As Cuban-Americans celebrate in the streets of Miami, world leaders across the globe are offering up their condolences. The recent death of the Cuban leader has encouraged celebrations among the country’s exiles in Miami, as well as the expressions of sorrow from some world leaders.
Only 30 minutes had passed since the Cuban government had announced the death of the 90-year old revolutionary leader, cheers could be heard all throughout Miami’s Little Havana. There were thousands of people filling the streets, banging pots and waving Cuban flags as they cried out in jubilation “Cuba si! Castro no!” they chanted, while others screamed “Cuba libre!”
“Feels weird,” said Gabriel Morales, a 40-year old financial executive who works in Miami. His parents left Cuba after Castro came into power. “Been waiting to hear this news all my life. Seems unreal,” Morales said in a text message to an AP reporter.
“This is the happiest day of my life; Cubans are finally free,” said Orlidia Montells, an 84-year-old woman.
U.S. Congress representative Ileana Ros-Lehtinen, a Cuban-American Republican from Miami, said in a statement: “A tyrant is dead and a new beginning can dawn on the last remaining communist bastion of the Western Hemisphere.”
History Will Judge Castro
U.S. President Barack Obama offered condolences to Castro’s family and said his thoughts and prayers are with the Cuban people.
As for Castro’s legacy, he said “history will record and judge the enormous impact of this singular figure on the people and world around him.”
U.S. president-elect Donald Trump said on Twitter, “Fidel Castro is dead!” and followed it up with a statement condemning the Cuban leader as a “brutal dictator.”
So, what were some of Castro’s most brutal historic crimes and atrocities? While there are plenty of people who are celebrating right now, there are just as many who don’t know much about Castro and the horrible things that he did while in power. That is because for the most part, the international media has neglected their duty to report the truth about the dictatorship that lies 90 miles from the American shores.
Perhaps one of the most brutal attacks performed by Castro were the firing squads which he implemented. Before he would eventually take power in Cuba, Fidel Castro used firing squad executions to enforce discipline, punish followers deemed disloyal or intimidate potential oppression.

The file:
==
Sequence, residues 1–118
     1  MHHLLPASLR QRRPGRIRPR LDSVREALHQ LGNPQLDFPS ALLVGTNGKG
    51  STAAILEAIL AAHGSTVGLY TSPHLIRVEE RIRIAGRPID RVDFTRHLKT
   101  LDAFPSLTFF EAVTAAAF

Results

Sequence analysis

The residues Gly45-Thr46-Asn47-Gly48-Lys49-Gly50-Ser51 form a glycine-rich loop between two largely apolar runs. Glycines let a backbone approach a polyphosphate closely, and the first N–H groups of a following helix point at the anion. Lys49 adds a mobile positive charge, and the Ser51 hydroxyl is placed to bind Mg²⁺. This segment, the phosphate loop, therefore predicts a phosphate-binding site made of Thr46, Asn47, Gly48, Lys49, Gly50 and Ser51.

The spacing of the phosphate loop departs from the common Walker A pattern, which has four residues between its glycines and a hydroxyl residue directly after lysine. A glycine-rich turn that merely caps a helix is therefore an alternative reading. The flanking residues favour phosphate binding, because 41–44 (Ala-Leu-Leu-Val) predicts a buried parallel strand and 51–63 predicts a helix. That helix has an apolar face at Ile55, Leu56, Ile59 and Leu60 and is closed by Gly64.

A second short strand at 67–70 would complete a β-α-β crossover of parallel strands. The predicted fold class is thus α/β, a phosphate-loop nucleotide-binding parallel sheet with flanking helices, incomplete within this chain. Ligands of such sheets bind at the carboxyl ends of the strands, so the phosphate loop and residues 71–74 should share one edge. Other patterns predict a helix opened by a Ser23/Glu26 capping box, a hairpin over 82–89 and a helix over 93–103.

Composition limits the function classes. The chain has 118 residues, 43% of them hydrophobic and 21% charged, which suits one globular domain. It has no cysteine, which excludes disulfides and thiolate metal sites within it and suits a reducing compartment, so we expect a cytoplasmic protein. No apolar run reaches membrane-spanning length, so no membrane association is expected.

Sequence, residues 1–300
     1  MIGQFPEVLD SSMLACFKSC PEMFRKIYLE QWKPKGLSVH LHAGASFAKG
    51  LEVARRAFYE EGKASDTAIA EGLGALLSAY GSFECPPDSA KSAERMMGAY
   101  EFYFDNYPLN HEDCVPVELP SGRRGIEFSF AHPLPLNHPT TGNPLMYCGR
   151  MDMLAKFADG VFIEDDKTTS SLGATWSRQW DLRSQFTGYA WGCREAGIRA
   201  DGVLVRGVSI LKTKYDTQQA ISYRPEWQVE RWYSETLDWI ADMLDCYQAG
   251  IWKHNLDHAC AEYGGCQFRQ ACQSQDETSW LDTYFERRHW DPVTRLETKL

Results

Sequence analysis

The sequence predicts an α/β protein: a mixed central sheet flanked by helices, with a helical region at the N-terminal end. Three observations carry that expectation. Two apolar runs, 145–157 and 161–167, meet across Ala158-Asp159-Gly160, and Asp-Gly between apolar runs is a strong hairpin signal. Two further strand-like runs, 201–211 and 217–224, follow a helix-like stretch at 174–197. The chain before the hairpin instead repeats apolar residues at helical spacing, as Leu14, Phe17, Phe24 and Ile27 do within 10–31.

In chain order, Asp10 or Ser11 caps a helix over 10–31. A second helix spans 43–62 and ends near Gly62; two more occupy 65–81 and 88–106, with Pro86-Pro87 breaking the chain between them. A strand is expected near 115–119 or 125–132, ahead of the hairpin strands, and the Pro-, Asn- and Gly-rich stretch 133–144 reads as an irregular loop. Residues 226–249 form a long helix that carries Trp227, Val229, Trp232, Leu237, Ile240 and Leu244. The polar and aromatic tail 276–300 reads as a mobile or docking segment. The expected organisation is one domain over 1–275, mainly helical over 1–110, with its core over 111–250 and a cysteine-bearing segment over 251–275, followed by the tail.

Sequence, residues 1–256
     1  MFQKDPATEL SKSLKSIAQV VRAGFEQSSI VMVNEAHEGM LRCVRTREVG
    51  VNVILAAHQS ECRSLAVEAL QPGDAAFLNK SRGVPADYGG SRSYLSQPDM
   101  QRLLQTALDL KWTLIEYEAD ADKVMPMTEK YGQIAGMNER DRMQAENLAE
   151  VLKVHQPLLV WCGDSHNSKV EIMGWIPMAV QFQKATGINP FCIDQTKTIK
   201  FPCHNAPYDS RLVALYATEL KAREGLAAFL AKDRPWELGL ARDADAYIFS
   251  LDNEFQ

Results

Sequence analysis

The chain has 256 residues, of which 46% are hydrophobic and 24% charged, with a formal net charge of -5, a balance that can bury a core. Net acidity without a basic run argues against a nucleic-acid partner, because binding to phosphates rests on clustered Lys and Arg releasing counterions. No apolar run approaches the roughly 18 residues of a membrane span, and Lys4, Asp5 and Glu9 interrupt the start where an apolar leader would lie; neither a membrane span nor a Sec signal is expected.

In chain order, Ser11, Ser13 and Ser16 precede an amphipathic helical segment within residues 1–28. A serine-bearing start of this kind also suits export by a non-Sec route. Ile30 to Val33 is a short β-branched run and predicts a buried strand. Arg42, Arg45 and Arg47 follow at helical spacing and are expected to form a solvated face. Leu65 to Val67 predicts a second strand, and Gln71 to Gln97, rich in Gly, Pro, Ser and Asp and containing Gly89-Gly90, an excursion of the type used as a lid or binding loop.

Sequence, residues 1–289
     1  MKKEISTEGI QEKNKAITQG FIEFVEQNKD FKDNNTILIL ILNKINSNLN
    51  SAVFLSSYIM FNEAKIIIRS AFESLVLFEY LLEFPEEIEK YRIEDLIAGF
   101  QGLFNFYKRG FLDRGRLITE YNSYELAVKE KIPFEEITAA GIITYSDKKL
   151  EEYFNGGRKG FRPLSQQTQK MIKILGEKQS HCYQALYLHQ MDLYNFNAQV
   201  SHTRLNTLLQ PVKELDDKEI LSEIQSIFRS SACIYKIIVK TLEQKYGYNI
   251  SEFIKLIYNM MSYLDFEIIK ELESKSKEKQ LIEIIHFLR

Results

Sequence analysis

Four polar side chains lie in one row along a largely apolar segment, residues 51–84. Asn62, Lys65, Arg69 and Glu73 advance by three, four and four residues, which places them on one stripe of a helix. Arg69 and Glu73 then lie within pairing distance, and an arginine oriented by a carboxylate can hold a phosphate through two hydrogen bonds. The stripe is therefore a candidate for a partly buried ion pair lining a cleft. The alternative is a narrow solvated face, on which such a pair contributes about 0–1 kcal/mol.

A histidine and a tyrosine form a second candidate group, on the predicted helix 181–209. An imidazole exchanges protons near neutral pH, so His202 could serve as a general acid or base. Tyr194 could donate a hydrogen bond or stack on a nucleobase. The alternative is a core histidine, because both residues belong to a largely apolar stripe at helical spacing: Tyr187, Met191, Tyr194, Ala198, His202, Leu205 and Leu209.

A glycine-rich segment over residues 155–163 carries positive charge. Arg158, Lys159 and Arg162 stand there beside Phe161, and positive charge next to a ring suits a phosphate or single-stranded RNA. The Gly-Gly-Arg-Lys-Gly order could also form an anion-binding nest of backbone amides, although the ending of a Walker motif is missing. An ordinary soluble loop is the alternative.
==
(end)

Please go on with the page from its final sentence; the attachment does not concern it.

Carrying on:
The Cuba Archive which documents deaths and disappearances resulting from Fidel Castro’s Cuban revolution has documented 3,615 firing squad executions conducted by the Cuban state since Castro took over on January 1, 1959.
In April 2003 Fidel Castro’s government executed 3 men who hijacked a ferry boat in an attempt to escape Cuba. They were sentenced to death and killed by firing squad less than two weeks after the alleged crime was committed.
Castro shot down American civilian aircrafts killing 4 people including 3 American citizens. It was during the 1996 rafter crisis when the United States agreed to accept 25,000 Cuban refugees annually using a visa lottery and Fidel Castro’s government had agreed to prevent rafters from fleeing. During the height of the crisis, a Miami-based humanitarian organization known as “Brothers to the Rescue” made up of Cuban exile pilots had spotted rafters dropping water and other supplied to them and cording Coast Guard rescues.
The Brothers to the Rescue occasionally flew into Cuban airspace to drop leaflets. On February 24, 1996, the Cuban Airforce MIG jets started shooting two unarmed civilian aircraft out of the sky over international waters killing all four aboard.
Castro was also known for forcing labor camps. During the mid-1960s, his regime in Cuba created a system of labor camps called “Military Units in Aid of Protection” known better as UMAP. By this time considerable opposition to the Cuban Resolution had developed and Castro, in order to maintain stability of his rule, needed a mechanism whereby he could neutralize undesirables.
internment in a UMAP could be precipitated by any of the following actions: refusing to engage in “volunteer” work on behalf of the Revolution, being homosexual, being a Jehovah’s Witness, being a Seventh Day Adventist, refusing collectivization. Additionally, among those also rounded up and sent to the UMAPs were members of the Catholic and Protestant clergy.
The Interamerican Commission for Human Rights of the Organization of American States (OAS) estimated in a report on Cuba that at one point there were 30,000 Cuban citizens interned in the UMAP system.
A 1966 article in Granma, the official newspaper of Cuba’s Communist Party characterized the genesis of the UMAPs in this way.